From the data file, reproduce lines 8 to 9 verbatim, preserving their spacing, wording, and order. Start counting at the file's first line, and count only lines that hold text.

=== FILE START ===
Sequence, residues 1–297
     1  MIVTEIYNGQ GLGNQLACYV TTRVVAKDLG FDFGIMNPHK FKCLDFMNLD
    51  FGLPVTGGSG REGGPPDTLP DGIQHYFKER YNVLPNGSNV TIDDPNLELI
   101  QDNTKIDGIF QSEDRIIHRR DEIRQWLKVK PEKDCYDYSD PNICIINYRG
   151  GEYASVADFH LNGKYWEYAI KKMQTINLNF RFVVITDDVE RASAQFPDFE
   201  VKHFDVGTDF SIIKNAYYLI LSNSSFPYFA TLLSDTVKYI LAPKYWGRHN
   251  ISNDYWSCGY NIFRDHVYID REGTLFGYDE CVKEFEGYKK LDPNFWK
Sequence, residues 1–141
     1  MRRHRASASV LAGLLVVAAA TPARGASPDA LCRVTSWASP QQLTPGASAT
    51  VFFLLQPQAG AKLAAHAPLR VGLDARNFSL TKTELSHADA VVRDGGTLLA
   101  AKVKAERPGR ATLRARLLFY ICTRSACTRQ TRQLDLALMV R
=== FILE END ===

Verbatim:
Sequence, residues 1–141
     1  MRRHRASASV LAGLLVVAAA TPARGASPDA LCRVTSWASP QQLTPGASAT